The brain’s developing circuits are highly sensitive to the disruptive effects of this increased stress system activation. One outcome can be overactivity of the immune system which is linked to inflammation. Some inflammation is good as it helps us attack viruses and bacteria and also initiates repair processes in the body. However, too much inflammation is associated with diagnoses like heart disease, depression, arthritis, GI problems, autoimmune disorders, and cancer.
Bounce Back with Resilient Childhood Experiences (RCE)
Some of the negative impact of ACE’s can be eased by utilizing resilience-building strategies and activities. NMH is here to help (from handout) kids and families build resilience and bounce back from the negative impacts of COVID19 pandemic.
“The health and well being of young children is inextricably tied to the health and well-being of the adults who care for them”
Jack Shonkoff, MD; Director, Center on the Developing Child at Harvard University
Below are some strategies to create more Resilient Childhood Experiences (RCE). We believe that RCE's are the essential antidote to ACE's.
- Serve and return interactions. Interactions between adults and kids help to buffer the physical effects of stress while building connection. Think of serve and return like tennis between a child and an adult. The child “serves” by reaching out for interaction. This may include eye contact, touch, a facial expression, or via voice (even babbling). The adult then returns the serve by offering back full attention and interaction (e.g., playing along, sharing something, speaking back, giving a cuddle). Learn more about these interactions.
- Reduce sources of stress. If any stressors can be eased or eliminated, tend to those ASAP. Of course, COVID-19 has presented stressors completely outside of our control. To ease the impact of these, families need to be supported financially, educationally, socially, psychologically and physically in various ways to reduce stress burden on parents. Less stressed parents = healthier parents who grow healthier kids.
- Practice calm with a schedule. Keeping a consistent daily routine and staying calm throughout shared activities will promote physical, social and emotional development.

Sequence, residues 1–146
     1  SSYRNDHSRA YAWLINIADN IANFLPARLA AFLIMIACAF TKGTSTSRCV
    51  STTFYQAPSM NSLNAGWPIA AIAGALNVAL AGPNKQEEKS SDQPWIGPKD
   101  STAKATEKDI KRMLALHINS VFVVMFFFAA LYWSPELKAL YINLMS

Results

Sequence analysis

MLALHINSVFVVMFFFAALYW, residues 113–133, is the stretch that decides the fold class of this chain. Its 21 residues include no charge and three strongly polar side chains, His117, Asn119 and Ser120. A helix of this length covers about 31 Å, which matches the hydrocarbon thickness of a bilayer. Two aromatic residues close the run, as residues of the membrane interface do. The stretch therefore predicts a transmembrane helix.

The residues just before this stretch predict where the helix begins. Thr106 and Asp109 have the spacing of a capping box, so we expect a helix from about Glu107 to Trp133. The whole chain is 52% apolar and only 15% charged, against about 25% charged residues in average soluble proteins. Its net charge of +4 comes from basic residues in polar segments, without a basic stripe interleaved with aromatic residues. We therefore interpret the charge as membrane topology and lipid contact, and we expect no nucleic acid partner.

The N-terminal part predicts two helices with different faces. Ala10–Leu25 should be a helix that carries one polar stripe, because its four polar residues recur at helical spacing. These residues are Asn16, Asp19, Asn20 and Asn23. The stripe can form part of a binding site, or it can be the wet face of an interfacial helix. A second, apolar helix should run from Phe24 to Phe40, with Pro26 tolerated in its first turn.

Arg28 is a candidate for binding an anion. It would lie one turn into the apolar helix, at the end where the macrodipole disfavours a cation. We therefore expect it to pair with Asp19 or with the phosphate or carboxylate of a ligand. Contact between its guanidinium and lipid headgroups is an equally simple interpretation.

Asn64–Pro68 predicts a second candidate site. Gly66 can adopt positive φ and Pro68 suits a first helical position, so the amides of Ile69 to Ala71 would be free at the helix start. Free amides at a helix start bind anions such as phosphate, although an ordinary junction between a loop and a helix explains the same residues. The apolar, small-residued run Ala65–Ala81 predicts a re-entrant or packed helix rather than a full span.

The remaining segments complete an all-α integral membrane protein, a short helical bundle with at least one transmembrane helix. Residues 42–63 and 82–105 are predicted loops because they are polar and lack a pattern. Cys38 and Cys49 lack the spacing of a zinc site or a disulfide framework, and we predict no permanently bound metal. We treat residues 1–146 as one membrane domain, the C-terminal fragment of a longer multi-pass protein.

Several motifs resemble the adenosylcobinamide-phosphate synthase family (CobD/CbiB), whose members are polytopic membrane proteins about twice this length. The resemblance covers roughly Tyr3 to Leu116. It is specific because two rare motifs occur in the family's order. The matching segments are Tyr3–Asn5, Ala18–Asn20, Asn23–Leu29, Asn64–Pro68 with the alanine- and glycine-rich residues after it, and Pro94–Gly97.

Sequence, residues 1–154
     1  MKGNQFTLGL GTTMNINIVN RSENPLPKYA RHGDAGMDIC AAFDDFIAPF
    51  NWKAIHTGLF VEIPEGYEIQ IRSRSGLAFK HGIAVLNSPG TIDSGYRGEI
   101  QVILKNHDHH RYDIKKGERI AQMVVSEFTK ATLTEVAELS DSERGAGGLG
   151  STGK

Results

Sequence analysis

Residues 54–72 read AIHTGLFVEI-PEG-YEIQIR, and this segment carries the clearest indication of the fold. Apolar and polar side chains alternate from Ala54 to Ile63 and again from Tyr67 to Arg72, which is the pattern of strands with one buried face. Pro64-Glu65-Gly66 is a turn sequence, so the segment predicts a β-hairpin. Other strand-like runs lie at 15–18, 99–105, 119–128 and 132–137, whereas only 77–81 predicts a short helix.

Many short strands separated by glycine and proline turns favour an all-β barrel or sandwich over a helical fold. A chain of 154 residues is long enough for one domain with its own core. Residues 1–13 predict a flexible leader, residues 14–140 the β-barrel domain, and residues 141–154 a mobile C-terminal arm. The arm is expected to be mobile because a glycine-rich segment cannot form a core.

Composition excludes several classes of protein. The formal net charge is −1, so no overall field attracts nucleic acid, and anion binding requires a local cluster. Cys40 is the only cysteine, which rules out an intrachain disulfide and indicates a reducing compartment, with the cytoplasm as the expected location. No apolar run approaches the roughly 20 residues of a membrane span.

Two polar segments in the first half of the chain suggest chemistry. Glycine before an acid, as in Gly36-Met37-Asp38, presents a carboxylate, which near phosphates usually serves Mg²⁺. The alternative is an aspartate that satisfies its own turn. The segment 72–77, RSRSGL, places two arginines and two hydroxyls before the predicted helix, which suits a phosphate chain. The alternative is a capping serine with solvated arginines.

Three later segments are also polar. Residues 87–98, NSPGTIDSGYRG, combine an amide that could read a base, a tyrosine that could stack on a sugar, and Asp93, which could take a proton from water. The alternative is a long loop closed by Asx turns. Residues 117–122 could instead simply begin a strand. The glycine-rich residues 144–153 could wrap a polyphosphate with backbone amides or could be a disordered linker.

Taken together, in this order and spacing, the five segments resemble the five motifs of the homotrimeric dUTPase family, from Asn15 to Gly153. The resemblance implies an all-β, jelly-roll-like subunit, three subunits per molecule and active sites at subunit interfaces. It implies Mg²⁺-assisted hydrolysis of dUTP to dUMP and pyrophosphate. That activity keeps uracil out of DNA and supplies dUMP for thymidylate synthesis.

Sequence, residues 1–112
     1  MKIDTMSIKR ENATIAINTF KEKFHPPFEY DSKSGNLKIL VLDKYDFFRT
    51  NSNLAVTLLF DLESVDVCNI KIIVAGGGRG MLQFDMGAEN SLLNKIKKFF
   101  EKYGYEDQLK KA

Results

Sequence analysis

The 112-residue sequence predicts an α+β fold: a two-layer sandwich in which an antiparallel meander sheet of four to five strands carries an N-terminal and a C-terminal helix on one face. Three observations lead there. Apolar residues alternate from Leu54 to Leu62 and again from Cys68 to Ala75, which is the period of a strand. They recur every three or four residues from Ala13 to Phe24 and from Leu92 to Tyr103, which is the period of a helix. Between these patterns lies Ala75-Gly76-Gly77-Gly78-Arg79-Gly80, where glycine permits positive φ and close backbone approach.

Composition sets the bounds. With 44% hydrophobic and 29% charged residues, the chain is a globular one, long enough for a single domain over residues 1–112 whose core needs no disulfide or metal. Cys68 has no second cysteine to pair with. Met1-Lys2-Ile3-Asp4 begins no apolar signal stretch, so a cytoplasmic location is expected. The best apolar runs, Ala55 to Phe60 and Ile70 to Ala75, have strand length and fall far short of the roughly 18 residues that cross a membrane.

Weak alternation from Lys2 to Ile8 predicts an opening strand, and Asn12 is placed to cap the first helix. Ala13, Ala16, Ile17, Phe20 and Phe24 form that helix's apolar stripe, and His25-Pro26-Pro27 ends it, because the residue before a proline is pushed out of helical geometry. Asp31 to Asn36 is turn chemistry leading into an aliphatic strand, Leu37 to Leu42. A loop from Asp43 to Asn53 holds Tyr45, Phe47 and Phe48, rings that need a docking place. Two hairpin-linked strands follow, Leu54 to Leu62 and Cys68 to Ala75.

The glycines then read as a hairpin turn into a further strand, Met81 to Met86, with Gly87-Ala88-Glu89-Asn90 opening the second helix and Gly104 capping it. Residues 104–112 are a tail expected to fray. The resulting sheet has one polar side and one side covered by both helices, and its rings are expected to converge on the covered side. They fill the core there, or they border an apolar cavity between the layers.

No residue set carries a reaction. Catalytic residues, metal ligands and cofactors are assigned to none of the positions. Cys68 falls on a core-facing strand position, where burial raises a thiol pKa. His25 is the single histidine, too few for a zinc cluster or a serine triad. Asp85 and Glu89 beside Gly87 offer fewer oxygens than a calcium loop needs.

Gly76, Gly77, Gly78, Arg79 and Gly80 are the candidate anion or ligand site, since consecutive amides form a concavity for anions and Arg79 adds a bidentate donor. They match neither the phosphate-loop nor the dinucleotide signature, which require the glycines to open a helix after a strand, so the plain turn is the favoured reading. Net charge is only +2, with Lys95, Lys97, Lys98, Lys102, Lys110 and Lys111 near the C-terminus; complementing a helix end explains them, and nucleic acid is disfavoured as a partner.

- Exercise. Keeping active and exercising supports the brain’s natural release of chemicals that reduce anxiety and support mood, energy, and attention.
- Go outside. Time in nature supports mental health... it's really that simple. Go outside! Learn more about outdoor grounding techniques.
- Sleep. Adequate sleep supports immune function and emotional regulation. Most kids and teens need at least 8-10 hours.
- Try some stress management activities. A variety of mind-body skills like mindfulness, deep breathing, mental imagery, biofeedback, and progressive muscle relaxation can help to balance you nervous system while reducing stress.
- Practice kindness. Being kind to yourself and to others is really good for your mental health. A practice like loving kindness meditation can build resilience, enhance energy, and boost creativity.
- Eat healthy. Your brain and body need the right mix of nutrients to provide energy to get things done and to make the right amount of neurotransmitters. Try our Resilient Diet to set a good foundation.
- Stay connected. We know how exhausting Zoom feels right now... but, do all that you can to stay in touch with other parents, teachers, and friends. Don't be shy to share with them your struggles (they probably feel the same way).
American Psychological Association. (2020). Stress in America 2020: Stress in the Time of COVID-19. Retrieved October, 10, 2020.
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Bryant, D. J., Oo, M., & Damian, A. J. (2020). The rise of adverse childhood experiences during the COVID-19 pandemic. Psychological Trauma: Theory, Research, Practice, and Policy.
Carroll, N., Sadowski, A., Laila, A., Hruska, V., Nixon, M., Ma, D. W., & Haines, J. (2020). The impact of COVID-19 on health behavior, stress, financial and food security among middle to high income Canadian families with young children. Nutrients, 12(8), 2352.
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DiGangi, M. J., & Negriff, S. (2020). The implementation of screening for adverse childhood experiences in pediatric primary care. The Journal of Pediatrics, 222, 174-179.